dead slow update servers

hw hw at
Sun Jul 14 23:39:42 UTC 2019

Karl Denninger <karl at> writes:

> On 7/14/2019 00:10, hw wrote:
>> "Kevin P. Neal" <kpn at> writes:
>>> On Sat, Jul 13, 2019 at 05:39:51AM +0200, hw wrote:
>>>> ZFS is great when you have JBODs while storage performance is
>>>> irrelevant.  I do not have JBODs, and in almost all cases, storage
>>>> performance is relevant.
>>> Huh? Is a _properly_ _designed_ ZFS setup really slower? A raidz
>>> setup of N drives gets you the performance of roughly 1 drive, but a
>>> mirror gets you the write performance of a titch less than one drive
>>> with the read performance of N drives. How does ZFS hurt performance?
>> Performance is hurt when you have N disks and only get the performance
>> of a single disk from them.
> There's no free lunch.  If you want two copies of the data (or one plus
> parity) you must write two copies.  The second one doesn't magically
> appear.  If you think it did you were conned by something that is
> cheating (e.g. said it had written something when in fact it was sitting
> in a DRAM chip) and, at a bad time, you're going to discover it was
> cheating.
> Murphy is a SOB.

I'm not sure what your point is.  Even RAID5 gives you better
performance than raidz because it doesn't limit you to a single disk.

>> Mirroring the N disks would require another N disks, which you don't
>> have.
>> "Performance" isn't much better defined as "properly designed" here.  In
>> practise, I prefer a hardware RAID5 with N disks over a raidz with N
>> disks and a RAID10 over a RAID5.  Unfortunately, in practise, the number
>> of disks is limited because they aren't cheap and because only so many
>> disks can be connected to a machine without further ado while there is a
>> certain requirement for storage capacity.  Reality is not proper
>> designed :/
>> What do you do when you put FreeBSD on a server that has a hardware RAID
>> controller which doesn't do JBOD?  Use ZFS on the RAID?
> Throw said controller in the trash and get a proper one.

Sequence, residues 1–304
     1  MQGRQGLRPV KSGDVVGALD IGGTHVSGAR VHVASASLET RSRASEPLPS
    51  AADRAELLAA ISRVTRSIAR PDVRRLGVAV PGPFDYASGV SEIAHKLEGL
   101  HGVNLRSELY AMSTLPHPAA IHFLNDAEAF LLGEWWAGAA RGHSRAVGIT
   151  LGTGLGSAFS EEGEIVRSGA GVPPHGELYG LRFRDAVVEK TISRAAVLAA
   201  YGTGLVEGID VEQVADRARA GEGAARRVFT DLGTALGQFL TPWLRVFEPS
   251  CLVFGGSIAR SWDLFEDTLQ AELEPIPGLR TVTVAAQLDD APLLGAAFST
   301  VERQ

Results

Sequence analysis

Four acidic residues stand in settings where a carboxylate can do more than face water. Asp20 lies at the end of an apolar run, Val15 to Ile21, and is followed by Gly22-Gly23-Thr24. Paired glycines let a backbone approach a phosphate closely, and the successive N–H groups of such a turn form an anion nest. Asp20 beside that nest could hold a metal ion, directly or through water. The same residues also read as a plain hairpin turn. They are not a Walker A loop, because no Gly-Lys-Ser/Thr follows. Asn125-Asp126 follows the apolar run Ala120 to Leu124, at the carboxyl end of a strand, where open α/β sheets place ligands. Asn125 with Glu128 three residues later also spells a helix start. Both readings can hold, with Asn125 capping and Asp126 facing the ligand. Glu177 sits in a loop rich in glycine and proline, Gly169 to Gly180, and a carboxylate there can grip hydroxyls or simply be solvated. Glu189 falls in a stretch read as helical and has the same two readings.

Show me, for example, such a controller that is certified to be
compatible with HP DL380 gen7 servers or Dell R710s, replacing an H700+,
and doesn't cost anything.

> Raid controllers were very useful a decade ago when ZFS was
> trouble-ridden and the controller's firmware was less-so.  Now it's the
> other way around.

ZFS is still trouble ridden when you're using Linux even if only because
it hasn't been integrated so well due to licensing issues.  Software
RAID has advantages and disadvantages, same as hardware RAID.  In all
cases I've been using RAID, hardware RAID has always been the best
option considering ease of use, reliability and performance.  Of all
RAIDs I've been using, ZFS has shown the worst performance which was so
bad that I don't want to use it anymore.

Maybe ZFS works perfect with FreeBSD and has better performance than
what I've seen, but being limited to the performance of a single disk
remains unless you can use a mirror.

> And whether you do your Raid in hardware or software Raidz is Raidz.
> I binned the last of the hardware RAID adapters in my production
> machines roughly five years ago.  ZFS got to be faster and more-reliable
> than they were.

I'd have to try ZFS with FreeBSD before I would believe that.  In any
case, it leaves you with the problem of connecting the disks to the
machine.  It's not like you could just pull the controller out and
connect the disks through thin air.  Fiddling with another controller
until it supports JBOD (and perhaps works in that server or doesn't)
isn't an option like anything else isn't that costs extra money.

I don't know much about Dell servers; do they usually support JBOD out
of the box?

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